On July 20, the Princeton Battlefield Society (PBS) filed an appeal of the Princeton Regional Planning Board’s decision in favor of the Institute for Advanced Study’s planned Faculty Housing Development. This property is believed to be the center of the winning Counterattack at the Battle of Princeton. Princeton Battlefield, specifically including this site, was designated last month by the National Trust for Historic Preservation as one of America’s 11 Most Endangered Historic Places for 2012.
This appeal of the Planning Board’s decision, focuses on issues of land use law. According to PBS’s Attorney, Bruce Afran, “the appeal asserts that the Planning Board approval violates the E-2 Zoning limitations defined in the 1992 Settlement between the Township and the IAS, which does not permit cluster housing, and in any event, the Planning Board’s findings violated the Municipal Ordinance ‘s requirements for cluster housing by not meeting the requirements for an “As of Right Plan.” An As of Right Plan is a conceptual site layout that must meet zoning requirements, in this case 1 acre lots that are not encumbered by buffers or setbacks or other lot use limitations. Further, the appeal also asserts that the Planning Board failed to make findings of fact as to unrefuted evidence of the presence of wetlands on the site and that its conclusion that the proposed development will not impact wetlands is arbitrary, capricious and unreasonable. The appeal also disagrees with the Planning Board’s acceptance that the historic and archaeological features of the site would be protected.” In all, the Princeton Battlefield Society’s appeal includes 12 counts that challenge the Planning Board’s decision.
According to the Battlefield Society’s Attorney, Bruce Afran, “the Planning Board failed numerous times to properly support its decision with proper findings of fact.” “We vigorously disagree with the Planning Board’s decision to allow this 15-unit development to move forward.”
In April, following the Planning Board’s initial decision to allow the project to move forward. Mr. Afran filed on behalf of the Princeton Battlefield Society a complaint in the Chancery Court asking for a judicial determination on various site limitations created by the 1992 Agreement. This Agreement came out of a lawsuit that the IAS brought against Princeton Township regarding a housing development at another location on the East side of the Park.
Jerald Hurwitz, President of the Princeton Battlefield Society, noted “that the IAS is still claiming that the site did not play a significant role in the Battle of Princeton.” “Governor Edge, as far back as 1944, recognized that this site was critical to understanding the counterattack, and his map showing the properties that were to be acquired to become part of the park, included this parcel as an essential part of the park.“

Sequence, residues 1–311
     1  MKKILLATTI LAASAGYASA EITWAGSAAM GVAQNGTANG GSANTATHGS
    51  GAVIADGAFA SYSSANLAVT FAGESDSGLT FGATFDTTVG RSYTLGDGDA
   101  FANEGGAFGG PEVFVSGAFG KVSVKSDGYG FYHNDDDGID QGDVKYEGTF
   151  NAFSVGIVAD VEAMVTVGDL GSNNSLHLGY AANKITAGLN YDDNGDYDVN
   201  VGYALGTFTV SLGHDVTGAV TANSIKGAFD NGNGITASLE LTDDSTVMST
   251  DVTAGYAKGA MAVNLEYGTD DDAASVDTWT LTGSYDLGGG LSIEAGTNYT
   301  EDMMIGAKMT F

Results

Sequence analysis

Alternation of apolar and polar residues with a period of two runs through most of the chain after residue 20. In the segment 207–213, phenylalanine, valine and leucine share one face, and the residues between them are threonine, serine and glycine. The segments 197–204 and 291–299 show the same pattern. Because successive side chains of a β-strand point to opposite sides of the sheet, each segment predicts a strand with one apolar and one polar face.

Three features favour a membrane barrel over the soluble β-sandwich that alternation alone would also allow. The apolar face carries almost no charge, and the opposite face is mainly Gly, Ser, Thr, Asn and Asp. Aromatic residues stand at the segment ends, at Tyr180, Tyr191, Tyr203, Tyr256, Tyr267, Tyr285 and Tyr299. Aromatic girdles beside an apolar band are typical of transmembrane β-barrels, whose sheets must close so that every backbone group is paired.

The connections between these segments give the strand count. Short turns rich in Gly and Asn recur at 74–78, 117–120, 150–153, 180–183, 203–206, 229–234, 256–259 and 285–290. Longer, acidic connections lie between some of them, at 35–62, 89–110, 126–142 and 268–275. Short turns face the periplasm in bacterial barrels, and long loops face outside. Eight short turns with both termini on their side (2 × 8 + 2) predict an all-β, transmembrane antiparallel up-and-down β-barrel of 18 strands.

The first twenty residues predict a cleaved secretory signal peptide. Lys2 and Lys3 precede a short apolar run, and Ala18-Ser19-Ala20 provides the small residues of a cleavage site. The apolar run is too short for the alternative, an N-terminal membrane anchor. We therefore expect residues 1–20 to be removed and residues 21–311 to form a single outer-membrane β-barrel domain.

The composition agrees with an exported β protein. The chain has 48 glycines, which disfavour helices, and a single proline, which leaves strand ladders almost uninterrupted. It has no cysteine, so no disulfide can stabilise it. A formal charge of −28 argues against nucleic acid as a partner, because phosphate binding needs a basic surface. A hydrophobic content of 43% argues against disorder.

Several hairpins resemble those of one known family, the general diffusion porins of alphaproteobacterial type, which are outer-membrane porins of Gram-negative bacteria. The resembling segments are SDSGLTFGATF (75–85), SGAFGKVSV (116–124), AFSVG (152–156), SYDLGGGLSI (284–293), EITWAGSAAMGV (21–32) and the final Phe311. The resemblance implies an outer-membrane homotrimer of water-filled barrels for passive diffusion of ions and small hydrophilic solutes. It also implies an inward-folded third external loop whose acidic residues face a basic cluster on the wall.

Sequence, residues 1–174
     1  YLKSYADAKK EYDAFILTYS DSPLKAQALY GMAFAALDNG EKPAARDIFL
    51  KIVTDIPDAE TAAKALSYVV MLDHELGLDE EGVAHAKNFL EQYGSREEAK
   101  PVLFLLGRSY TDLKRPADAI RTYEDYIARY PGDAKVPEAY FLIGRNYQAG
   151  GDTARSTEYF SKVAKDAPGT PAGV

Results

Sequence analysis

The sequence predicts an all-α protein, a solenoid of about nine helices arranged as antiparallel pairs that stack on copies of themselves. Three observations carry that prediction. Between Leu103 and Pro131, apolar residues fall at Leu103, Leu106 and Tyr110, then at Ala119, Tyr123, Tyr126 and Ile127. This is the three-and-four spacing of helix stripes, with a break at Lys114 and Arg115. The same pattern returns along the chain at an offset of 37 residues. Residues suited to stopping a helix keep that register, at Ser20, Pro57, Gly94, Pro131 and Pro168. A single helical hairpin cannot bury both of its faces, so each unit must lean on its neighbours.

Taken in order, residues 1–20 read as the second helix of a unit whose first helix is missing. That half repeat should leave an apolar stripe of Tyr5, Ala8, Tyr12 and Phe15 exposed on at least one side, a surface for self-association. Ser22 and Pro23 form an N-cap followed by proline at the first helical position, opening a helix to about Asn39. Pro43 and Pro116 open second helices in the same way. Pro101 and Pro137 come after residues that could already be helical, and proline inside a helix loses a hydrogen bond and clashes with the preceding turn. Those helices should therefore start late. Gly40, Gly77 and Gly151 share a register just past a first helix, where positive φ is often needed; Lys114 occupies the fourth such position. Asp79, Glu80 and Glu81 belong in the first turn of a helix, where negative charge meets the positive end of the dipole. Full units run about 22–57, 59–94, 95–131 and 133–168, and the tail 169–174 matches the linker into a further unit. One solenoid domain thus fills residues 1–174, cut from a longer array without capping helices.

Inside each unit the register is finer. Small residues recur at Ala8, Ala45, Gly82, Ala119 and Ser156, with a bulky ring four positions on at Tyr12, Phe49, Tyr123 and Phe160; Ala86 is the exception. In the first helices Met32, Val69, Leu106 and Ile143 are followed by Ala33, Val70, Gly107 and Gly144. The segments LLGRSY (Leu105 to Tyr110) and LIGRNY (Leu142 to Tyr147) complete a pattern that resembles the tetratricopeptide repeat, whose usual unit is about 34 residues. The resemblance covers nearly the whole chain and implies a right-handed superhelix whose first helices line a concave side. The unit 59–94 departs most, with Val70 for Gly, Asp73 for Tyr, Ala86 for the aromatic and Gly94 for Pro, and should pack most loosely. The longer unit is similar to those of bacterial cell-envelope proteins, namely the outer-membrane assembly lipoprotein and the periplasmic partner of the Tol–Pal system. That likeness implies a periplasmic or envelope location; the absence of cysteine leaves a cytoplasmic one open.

According to Kip Cherry, 1st Vice President of PBS “this designation [as one of American’s 11 Most Endangered Historic Places in 2012] not only recognizes that the Princeton Battlefield is the site of a seminal Revolutionary War battle, but it recognizes that, in fact, the heart of that battle was on property next to Battlefield Park that the IAS intends to develop for faculty housing.”
In 2010 the federally financed Milner Study, prepared by John Milner Associates, in association with Dr. Robert Selig, a historian experienced in American Revolution research, began its work by focusing on the Federally-designated core area, which included Maxwell Field. In this study, data revealed by 180 American and British original accounts was carefully evaluated and mapped using the Geographical Information System (GIS) and the Global Positioning System (GPS). The result was a series of detailed maps showing the initial stages of the Battle, the winning counterattack, and troop movements after the main part of the Battle. According to Mr. Hurwitz, “the National Park Service accepted the study as having satisfied the high standards of scholarship, technique and analysis necessary to meet the exacting requirements of the program.”
In 2009, Preservation New Jersey, citing the threat posed by the IAS’ housing project, named Princeton Battlefield one of the Ten Most Endangered sites in New Jersey.
In 2008, the National Park Service named the Princeton Battlefield a ‘Priority I Principal Site’ in a Report to Congress stating that “Priority I Principal Sites are the most historically significant and the most endangered. They require immediate preservation action before they are destroyed or damaged.”
In 2007 a report was published by the Louis Berger Group, Inc. containing the data from an archaeological investigation by Hunter Research, Inc., showing a large concentration of American Revolution military artifacts at the proposed faculty housing site, including a broken bayonet and impacted musket balls.
In 2006 and 2007 the New Jersey State Historic Preservation Officer, Dorothy Guzzo, made an official determination that the site of the planned Faculty Housing development was eligible for listing on the National Register to Historic Places.
In another action, PBS is objecting to the construction of one and possibly two force mains across the site of the counterattack. According to Ms. Cherry: “our most immediate concern right now is that important artifacts will be destroyed during the process of this construction.” “I can’t imagine that any archaeologist would say that the monitoring plan that the IAS is using is the same as a full archaeological investigation.”